Getting into the skin of shaving and shaming

In one of my recent visits to parlour for a rejuvenating head massage, a lady from the staff came to me, suggesting me to get my eyebrows done. She seemed an unfamiliar face, who wasn’t aware of my requirements. I told her that I am happy the way it is and have indeed never got it done. But her concerns were unyielding. She mellowed down her proposal and came with a scissor suggesting that at least some trimming is required. Although the lady had to finally give up before my obstinacy, it nevertheless signifies the importance of hair removal in the lives of women. You can see women of all age group throng the parlors for various ways of hair removal, on literally every part of body. Before my readers point their fingers towards me, I would agree that at some stage of my life I was also guilty of adhering to a particular socially acceptable look, which I rarely pursued because of lack of motivation, interest and may be owing to my laziness for beauty regimes.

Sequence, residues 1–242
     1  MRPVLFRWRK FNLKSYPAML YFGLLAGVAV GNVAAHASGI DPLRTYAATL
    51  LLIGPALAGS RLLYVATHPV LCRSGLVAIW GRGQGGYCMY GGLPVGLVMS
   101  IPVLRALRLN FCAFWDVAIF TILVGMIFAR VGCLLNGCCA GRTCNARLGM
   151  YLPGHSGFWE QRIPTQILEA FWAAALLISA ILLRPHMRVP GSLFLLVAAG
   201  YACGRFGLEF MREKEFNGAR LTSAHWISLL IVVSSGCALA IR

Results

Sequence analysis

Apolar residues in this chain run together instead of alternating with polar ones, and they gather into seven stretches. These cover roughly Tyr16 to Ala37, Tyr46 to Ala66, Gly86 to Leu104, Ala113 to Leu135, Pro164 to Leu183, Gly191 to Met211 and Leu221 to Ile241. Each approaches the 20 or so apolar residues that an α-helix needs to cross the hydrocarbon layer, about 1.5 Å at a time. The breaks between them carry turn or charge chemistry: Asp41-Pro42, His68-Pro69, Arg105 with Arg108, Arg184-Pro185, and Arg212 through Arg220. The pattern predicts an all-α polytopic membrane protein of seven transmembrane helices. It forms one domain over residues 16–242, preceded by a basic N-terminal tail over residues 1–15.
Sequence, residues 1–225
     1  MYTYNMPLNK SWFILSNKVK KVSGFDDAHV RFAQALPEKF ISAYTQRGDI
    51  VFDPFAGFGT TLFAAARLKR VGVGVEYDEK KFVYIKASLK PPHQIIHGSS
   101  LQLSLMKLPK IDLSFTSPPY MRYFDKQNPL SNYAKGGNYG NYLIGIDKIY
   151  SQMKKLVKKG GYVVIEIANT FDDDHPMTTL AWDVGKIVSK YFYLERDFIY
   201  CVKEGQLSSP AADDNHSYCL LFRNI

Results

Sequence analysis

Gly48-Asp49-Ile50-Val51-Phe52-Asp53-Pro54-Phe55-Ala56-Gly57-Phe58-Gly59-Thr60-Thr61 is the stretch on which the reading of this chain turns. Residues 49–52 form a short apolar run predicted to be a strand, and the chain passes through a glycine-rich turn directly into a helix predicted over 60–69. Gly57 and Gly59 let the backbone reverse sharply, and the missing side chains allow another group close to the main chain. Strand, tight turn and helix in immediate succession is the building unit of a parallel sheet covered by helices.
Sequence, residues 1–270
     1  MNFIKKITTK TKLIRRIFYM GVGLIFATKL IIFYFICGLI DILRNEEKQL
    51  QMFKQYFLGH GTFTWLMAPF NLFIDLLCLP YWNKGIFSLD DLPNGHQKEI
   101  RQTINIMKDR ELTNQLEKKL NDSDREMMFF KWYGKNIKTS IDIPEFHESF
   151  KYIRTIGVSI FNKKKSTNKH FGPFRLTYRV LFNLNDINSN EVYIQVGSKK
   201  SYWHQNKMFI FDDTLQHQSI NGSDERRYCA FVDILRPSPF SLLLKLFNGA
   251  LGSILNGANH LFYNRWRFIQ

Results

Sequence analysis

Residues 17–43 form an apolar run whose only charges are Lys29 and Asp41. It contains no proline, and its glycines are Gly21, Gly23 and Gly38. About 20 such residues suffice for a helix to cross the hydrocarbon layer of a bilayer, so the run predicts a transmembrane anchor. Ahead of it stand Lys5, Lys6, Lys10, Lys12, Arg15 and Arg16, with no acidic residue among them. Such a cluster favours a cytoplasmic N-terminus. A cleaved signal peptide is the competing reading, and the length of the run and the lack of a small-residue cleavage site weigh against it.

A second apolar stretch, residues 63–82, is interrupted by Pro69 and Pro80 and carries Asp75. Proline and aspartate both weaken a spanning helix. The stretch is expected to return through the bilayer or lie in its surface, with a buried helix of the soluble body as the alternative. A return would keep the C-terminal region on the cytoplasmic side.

From the time a girl enter a school; she gets obsessed with visits to beauty salons to look attractive and appealing. Constantly fed with the notion that body hair is unfeminine and bad, all girls embark the journey to edit themselves from a very young age. Visit to parlors are not mere occasions but an integral part of our routine, mostly aimed at getting rid of hair from our bodies. In case you feel your frequent visits are your own decision, you need to pause and think. We are being governed by an unconscious social control that wants women to be presented in a certain pre-determined manner. This is another aspect of the same gendered social control that requires men to have moustaches or keep body hair, as a proof of their masculinity. Although in big cities the trend for men might be changing, but the situation remains the same for women. Appearances and choices of women are still controlled by social factors.